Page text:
Aster Curtus from Ecology and Conservation of the South Puget Sound Prairie Landscape

Aster curtus Cronq. , a taxon in the family Asteraceae, is a rhizomatous, herbaceous
perennial endemic to the remnant prairies of Oregon, Washington and Vancouver Island,
British Columbia. The current population center is located on Fort Lewis Military Base in
Pierce and Thurston counties of Washington State. A “species of concern” under the
Endangered Species Act, its current listing in Washington is “Sensitive”. Aster curtus
cover is highest on prairies with low exotic species invasion and competes poorly with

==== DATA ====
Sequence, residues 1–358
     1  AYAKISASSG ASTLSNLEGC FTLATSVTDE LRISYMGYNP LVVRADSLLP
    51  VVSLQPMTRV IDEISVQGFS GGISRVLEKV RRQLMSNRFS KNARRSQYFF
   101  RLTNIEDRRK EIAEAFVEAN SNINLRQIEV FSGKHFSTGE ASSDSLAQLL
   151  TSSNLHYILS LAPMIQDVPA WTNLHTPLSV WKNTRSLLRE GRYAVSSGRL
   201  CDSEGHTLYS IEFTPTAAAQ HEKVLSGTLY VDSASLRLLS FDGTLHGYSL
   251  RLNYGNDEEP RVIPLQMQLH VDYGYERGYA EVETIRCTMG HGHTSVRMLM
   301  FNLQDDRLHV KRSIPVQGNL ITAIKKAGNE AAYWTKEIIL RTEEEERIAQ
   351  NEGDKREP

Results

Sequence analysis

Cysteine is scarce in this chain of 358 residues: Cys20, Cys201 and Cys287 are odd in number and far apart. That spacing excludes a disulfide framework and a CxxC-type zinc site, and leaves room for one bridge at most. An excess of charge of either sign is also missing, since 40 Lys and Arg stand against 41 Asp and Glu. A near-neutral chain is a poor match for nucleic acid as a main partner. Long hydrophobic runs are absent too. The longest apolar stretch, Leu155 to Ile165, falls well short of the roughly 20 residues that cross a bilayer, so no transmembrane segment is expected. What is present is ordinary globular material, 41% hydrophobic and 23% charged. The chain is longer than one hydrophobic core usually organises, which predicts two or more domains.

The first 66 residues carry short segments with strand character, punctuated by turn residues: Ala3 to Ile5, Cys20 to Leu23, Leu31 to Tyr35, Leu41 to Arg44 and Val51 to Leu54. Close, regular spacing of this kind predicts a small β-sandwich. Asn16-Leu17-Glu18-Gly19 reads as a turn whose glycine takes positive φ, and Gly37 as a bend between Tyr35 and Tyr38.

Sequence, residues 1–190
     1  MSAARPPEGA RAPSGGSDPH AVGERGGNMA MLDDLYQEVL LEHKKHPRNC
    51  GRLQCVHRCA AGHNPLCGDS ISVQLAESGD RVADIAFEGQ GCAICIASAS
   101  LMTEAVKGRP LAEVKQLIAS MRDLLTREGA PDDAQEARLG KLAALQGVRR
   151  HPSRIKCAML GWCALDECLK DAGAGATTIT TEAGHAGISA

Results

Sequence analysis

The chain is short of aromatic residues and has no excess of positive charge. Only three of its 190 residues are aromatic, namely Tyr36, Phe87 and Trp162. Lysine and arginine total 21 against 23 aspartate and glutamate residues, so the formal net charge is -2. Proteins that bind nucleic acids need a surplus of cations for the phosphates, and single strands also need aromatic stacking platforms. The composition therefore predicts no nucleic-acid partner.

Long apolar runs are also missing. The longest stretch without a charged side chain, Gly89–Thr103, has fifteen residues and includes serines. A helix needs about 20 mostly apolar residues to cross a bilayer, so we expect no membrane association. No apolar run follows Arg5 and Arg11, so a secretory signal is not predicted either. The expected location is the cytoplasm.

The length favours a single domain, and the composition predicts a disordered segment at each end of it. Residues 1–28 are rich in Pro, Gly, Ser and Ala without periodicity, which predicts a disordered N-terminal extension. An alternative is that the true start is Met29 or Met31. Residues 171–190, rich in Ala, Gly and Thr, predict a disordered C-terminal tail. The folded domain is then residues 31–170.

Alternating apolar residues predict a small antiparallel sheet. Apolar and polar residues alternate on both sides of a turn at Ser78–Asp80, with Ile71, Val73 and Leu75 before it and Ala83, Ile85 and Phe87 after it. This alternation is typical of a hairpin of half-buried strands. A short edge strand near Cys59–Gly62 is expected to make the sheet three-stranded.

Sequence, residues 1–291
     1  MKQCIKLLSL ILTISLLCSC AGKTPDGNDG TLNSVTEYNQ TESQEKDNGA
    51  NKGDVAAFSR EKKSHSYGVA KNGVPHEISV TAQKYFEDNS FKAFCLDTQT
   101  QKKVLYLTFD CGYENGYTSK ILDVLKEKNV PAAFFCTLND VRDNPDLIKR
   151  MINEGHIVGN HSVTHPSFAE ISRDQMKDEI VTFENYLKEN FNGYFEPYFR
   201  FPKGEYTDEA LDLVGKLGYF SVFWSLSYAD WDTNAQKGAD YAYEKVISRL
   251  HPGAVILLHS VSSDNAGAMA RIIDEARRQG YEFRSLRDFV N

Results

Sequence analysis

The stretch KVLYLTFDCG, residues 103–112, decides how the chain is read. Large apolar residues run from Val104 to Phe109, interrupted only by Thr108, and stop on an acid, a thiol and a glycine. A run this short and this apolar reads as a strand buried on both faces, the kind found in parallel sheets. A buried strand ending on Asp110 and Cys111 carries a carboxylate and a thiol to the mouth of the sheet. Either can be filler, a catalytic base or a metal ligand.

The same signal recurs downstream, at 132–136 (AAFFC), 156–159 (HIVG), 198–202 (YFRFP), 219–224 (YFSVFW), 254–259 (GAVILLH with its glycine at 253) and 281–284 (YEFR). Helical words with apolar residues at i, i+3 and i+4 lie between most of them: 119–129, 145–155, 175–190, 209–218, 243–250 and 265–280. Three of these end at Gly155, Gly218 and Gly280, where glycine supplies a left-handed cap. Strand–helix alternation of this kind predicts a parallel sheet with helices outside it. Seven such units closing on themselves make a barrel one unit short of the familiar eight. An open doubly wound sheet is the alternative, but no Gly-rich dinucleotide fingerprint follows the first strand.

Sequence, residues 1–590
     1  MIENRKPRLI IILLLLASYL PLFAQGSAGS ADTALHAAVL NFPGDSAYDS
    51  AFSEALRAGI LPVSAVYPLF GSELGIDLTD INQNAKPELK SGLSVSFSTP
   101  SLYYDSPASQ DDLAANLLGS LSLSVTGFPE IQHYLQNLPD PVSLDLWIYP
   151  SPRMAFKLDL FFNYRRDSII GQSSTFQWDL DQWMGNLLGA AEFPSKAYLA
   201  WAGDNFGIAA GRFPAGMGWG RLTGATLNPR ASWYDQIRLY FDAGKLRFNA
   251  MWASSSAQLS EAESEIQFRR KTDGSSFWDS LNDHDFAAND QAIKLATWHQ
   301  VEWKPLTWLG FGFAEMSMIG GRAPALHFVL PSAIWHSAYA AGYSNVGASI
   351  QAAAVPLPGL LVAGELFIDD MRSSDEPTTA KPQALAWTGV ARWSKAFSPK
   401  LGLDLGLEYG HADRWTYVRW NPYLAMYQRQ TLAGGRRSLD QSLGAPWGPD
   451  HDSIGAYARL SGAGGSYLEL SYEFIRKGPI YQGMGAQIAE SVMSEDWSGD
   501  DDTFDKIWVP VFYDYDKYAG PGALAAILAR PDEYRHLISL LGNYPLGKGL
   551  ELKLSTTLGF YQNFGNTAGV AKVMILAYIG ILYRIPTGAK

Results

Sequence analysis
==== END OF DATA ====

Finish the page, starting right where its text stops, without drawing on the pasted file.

associated native and exotic species at the seedling stage. Under field conditions,
recruitment by seed appears to be low, and persistence of this species is achieved
primarily through clonal growth. Aster curtus is self-compatible, though putative out
crossing appears to result in more filled seeds. Industrial, residential and agricultural
developments are the largest threats to its survival. Considering the degree of habitat
degradation that has already occurred throughout the range of A. curtus, the long-term
survival of this species will depend on how well we understand its autecology and how
well we protect its habitat. This paper summarizes past and present information that can
be applied to the conservation efforts of this species.

Follow this link to access all other chapters of Ecology and Conservation of the South Puget Sound Prairie Landscape

Table of Contents